Before boarding, the migrants received instructions from the defendants on what to say when going through customs in the countries on the route. On the day of boarding, they were instructed to arrive separately at the airport and say they were tourists. But on the way, the group went through difficulties. Their relatives said that the coyote demanded per diems to stay in comfortable hotels with good meals. The migrants, on the other hand, ate and slept scarcely.

While this was happening, their relatives in Ecuador have been pressured to pay debts. "They call us to collect debts and we don't even know where they are, how will we also go to pay the debts, please help us find our children," Juana Palacios, mother of two of the missing youths, told 1800 Migrante.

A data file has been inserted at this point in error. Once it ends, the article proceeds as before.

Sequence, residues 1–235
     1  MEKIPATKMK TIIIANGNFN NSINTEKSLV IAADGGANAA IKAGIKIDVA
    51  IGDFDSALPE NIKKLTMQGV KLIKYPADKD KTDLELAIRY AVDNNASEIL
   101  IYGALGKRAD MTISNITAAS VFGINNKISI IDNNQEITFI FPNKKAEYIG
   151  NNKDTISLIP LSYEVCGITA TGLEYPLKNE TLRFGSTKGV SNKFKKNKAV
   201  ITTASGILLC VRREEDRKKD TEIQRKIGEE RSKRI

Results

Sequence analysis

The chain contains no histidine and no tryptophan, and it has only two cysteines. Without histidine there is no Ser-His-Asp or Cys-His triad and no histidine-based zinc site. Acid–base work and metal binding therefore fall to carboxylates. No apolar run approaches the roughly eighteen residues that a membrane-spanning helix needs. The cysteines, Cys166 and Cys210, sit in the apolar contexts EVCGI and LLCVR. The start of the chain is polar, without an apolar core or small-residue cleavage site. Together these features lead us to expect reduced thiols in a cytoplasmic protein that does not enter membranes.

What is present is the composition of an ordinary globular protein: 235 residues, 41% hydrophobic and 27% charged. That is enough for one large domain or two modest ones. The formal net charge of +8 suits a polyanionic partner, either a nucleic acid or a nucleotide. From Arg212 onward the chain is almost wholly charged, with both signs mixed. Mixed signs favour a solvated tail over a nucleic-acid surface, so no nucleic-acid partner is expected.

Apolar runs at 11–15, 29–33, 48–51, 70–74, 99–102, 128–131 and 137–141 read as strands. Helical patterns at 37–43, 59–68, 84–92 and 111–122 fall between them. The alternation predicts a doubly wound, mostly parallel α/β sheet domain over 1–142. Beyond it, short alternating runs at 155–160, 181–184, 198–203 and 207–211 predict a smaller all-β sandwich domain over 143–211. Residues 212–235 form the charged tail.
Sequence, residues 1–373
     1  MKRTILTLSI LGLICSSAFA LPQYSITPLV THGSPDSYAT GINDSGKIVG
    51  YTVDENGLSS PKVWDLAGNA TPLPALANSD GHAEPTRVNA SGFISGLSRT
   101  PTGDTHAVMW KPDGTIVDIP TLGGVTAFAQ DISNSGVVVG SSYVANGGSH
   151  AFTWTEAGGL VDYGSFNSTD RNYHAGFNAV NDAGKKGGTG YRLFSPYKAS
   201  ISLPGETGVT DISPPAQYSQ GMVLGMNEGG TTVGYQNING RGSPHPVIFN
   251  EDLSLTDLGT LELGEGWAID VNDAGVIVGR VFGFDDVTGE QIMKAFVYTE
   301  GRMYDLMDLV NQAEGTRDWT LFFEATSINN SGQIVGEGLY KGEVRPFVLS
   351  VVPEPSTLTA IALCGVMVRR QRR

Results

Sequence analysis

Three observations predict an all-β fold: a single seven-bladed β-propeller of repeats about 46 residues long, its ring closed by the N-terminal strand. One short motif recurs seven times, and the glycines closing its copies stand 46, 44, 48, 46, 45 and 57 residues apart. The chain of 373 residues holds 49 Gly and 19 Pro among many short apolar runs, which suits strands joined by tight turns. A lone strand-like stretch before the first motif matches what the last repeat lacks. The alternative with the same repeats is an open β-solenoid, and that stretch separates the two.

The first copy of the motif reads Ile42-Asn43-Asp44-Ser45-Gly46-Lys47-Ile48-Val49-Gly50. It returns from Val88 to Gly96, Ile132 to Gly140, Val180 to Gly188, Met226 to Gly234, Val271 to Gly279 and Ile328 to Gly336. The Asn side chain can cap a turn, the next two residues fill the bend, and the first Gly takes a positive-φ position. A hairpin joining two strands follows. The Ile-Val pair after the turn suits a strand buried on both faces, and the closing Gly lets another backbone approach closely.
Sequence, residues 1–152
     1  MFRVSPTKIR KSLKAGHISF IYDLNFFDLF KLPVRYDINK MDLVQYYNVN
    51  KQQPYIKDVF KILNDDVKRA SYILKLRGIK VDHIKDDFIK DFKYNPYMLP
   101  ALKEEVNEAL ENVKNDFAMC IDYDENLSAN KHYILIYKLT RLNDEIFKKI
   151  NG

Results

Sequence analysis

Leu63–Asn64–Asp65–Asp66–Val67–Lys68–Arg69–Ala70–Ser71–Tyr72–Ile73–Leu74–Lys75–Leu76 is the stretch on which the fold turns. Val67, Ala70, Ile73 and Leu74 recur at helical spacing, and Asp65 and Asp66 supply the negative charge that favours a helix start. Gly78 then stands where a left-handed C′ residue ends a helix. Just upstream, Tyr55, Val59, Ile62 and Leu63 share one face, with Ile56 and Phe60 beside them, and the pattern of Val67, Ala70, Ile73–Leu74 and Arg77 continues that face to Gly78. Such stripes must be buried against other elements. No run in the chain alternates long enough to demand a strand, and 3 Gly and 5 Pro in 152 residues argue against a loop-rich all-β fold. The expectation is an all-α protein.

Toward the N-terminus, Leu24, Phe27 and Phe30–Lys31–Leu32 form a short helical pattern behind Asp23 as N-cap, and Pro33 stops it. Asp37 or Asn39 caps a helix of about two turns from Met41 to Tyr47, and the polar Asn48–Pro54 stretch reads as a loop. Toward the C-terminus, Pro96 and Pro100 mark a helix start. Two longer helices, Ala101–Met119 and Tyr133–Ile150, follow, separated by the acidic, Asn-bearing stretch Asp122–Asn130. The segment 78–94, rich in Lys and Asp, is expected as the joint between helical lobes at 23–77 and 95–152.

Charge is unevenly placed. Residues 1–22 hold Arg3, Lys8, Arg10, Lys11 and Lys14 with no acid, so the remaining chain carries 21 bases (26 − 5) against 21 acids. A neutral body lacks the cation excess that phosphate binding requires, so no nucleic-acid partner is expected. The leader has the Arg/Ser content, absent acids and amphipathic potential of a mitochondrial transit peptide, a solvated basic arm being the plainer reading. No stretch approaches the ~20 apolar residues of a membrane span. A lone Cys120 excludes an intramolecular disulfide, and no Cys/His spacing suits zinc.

The Prosecutor's Office knew of the existence of a second group that was going to leave by the same route but gave up after the disappearance of the Ecuadorians in the Bahamas.

More complaints, fewer resolutions

Since 2015, the Prosecutor General's Office has received more than 100 complaints per year for migrant smuggling. 2016 was the year with the highest number of complaints: 163. In 2020, in the year of the pandemic, this figure dropped to 96 complaints and as of April 2021, 34 complaints have already been filed.

But if the number of complaints is compared to the number of cases solved by the justice system, the figures drop sharply. For example, in 2019 there were 146 complaints in the Prosecutor's Office, but only 50 finished judicial processes. In 2020, the same happened: 96 complaints and 46 cases solved. It should be clarified that trials can take a long time and be completed in terms longer than a year. But according to figures from the Judiciary Council, between 46 and 50 processes are processed per year.